the pier. In the same year, construction of the first of two additional
houses required for the Fastnet keepers was commenced. One of these
would become the principle keeper's home, while the other was a double
house with two separate entrances for two single keepers.
All 2,074 granite bocks, totalling 4,370 tonnes
were cut and numbered at Penryn, Cornwall. They were shipped from
Cornwall to Rock Island over the course of construction and taken out to
Fastnet Rock as required by the specially constructed 38 metre long
steamer, Ierne which was capable of carrying over 90 tonnes of cargo.
So well was the stone cut that not one piece was rejected.
While the workers were unable to work on the
Fastnet and during the winter to retain them, the two houses were
completed, the first in 1901 and the second in 1904. Total cost of these
and the magazine was £1,518.
The first stone was landed on June 9th 1899. Due to the vagaries of the
weather, it was 1903 before all the stone had been landed. The following
year on June 27th 1904, the new light was exhibited.
Whilst working at Rock Island, labourers earned 2s 6d (12.5p) a day. Two
men lost eyes: one while building the tram line; another when quarrying.
Once operational Fastnet had a complement of 6 keepers with four on the
rock on any one time, and two ashore. Two men were changed at each
relief by steamer which came from Castletownbere. Due to the difficulty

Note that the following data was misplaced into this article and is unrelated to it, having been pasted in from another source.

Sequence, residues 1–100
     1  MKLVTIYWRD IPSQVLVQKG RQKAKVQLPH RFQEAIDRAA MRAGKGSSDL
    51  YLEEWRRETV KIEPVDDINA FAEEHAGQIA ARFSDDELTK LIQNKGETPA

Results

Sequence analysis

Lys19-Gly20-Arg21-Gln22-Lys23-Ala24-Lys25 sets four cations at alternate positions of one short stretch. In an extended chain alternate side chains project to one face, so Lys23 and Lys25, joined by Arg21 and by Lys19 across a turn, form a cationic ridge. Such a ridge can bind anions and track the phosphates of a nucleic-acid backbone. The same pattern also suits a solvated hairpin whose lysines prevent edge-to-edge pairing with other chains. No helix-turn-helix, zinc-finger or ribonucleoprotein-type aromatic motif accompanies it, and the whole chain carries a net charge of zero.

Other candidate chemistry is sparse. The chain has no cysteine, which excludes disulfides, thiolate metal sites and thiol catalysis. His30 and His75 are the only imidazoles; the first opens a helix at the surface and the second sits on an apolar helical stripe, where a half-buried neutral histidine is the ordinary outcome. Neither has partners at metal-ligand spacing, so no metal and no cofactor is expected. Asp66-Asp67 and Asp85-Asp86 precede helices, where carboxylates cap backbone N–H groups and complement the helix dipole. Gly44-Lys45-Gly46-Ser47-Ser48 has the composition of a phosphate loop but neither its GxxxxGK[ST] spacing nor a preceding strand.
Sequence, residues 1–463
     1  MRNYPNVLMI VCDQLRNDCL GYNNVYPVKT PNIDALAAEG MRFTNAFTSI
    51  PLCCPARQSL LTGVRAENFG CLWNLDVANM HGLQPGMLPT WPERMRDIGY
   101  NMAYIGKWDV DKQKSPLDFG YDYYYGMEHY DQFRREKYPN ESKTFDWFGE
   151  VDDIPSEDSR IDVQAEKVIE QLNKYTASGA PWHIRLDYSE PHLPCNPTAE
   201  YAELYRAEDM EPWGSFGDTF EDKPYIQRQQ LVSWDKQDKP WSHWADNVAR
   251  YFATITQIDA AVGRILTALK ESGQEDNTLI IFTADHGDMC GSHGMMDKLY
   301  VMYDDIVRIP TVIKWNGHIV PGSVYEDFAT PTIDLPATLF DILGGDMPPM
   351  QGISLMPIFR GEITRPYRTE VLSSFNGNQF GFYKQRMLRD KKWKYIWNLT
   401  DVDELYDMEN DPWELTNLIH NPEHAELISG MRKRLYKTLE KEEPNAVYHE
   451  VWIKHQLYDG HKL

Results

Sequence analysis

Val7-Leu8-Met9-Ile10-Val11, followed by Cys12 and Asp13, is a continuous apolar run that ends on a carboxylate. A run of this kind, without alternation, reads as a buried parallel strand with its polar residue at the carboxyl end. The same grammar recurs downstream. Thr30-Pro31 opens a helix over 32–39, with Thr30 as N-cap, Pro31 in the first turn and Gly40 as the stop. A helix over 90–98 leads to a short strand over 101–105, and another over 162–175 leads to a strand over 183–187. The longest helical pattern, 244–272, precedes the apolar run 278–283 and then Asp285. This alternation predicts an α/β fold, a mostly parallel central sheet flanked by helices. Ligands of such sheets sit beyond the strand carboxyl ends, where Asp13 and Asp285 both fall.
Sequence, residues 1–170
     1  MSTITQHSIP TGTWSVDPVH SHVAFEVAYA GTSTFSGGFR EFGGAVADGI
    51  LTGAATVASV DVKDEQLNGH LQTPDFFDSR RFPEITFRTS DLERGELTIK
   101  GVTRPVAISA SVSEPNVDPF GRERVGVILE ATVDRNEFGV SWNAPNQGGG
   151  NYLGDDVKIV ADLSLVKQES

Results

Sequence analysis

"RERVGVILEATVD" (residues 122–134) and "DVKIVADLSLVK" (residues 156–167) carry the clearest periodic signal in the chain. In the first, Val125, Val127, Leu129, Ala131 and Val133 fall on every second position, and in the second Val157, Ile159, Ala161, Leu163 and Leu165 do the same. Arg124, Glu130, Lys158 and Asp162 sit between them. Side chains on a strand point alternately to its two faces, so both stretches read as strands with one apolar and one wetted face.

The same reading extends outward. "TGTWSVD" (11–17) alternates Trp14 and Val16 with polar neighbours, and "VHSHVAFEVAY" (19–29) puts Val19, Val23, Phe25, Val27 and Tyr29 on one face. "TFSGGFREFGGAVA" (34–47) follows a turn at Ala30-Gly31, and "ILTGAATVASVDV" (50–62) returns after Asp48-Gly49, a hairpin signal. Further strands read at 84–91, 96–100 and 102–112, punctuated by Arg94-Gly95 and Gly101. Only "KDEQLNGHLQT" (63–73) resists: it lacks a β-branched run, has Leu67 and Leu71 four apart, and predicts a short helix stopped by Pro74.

of landing and removing the keepers from the Rock many changeovers were
delayed often for weeks.
As a result of a number of ship-wrecks at Mizen
Head around the close of the twentieth century, a fog station was
established in 1909. Around the same time, two dwellings for the fog
station keepers were built at Crookhaven Lighthouse. These two
flat-roofed dwellings were built from re-enforced concrete.
Crookhaven Lighthouse is now automated and
powered by electricity with a back-up diesel engine.
In the late 1950s Irish Lights keepers were given assistance in building
their own houses. As a result Crookhaven Lighthouse keepers homes were
vacated in 1959. Eight of the nine dwellings were sold in the early
1960s to the Johnsons and Craig-Whites. They renovated the houses and
rented them out as holiday homes with Mr's Craig-White assuming total
ownership. In the mid-1990s the property was sold to Mr & Mr's
Kirkland of California, USA.
The remaining dwelling retained by Irish Lights was sold in 1998 to Mr
& Mr's McDonagh of Dublin and related families.
View from water, south of lighthouse with remaining pier buildings on
Crookhaven Light Specifications:
Latitude: 51º 28.6' N
Longitude: 09º 42.2' W
Optic System: Fixed cylindrical lens 500mm diameter
Electric Light: 3 * 100W Argenta Lamps
Character: Flashing White/Red every 8 seconds
2.0 + 6.0 = 8.0 sec
Sectors: White: over Long Island bay to 281º
Red: 281º - 340º (59º) outside harbour
Red: 281º - 348º (67º) inside harbour
White: 348º towards north shore
Intensity: White: 5800 cd.
Red: 1500 cd
Range: White: 21 kilometres
Red: 16 kilometres
Height above water: 20 metres
Tower: White, 14 metres high